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I can't comprehend buying a byb after having the joy of owning a well-bred golden. Our first golden was a byb. He died when he was 6 from renal failure - likely due to a genetic issue. He was symptomatic all his life. The loss ripped our hearts out, and the result is we smack anyone upside the head who would suggest buying a backyard bred dog. That dog had issues all his life, he had a funny temperament that we learned to deal with, and he had cataracts.

My feelings too is there is a world of difference between a well-bred dog and a backyard bred dog - looks and temperament, as well as health.

Talk to breeders about cancer. Don't buy it when they claim they never produced a dog without cancer. There is no such thing as a cancer free line. My opinion is I'm less concerned about cancers that take the dogs in old age than I am cancers like lymphoma which take young dogs.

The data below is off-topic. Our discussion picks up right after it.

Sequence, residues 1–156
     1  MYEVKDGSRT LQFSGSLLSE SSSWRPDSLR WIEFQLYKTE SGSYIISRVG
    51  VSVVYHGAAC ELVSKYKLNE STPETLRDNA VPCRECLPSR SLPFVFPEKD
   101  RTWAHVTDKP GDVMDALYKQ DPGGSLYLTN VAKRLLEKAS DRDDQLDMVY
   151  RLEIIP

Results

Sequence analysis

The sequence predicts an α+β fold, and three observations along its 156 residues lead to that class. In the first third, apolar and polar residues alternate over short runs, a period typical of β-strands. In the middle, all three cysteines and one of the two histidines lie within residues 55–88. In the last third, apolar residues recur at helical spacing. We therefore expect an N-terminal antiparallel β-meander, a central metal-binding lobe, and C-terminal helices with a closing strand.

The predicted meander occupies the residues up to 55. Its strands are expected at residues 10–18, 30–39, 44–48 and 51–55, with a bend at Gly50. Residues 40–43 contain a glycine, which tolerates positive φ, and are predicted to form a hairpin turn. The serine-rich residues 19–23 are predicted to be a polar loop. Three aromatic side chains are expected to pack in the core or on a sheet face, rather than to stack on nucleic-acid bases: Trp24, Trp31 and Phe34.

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It is my preference to support breeders who do their very best to produce healthy pups by completing clearances. I have accepted that cancer will take the lives of most golden retrievers. Even if they live until old age, it will probably be cancer that takes them. I will not believe any breeder who claims they have never produced a dog who got cancer and would not buy from them. But don't you think it's important that healthy hips, eyes, heart, and elbows are necessary for a dog's quality of life? Dogs could go blind with PU (eyes) and drop dead at a very young age from SAS (heart), both of which could be inherited. So it isn't just cancer that can take the life of a golden.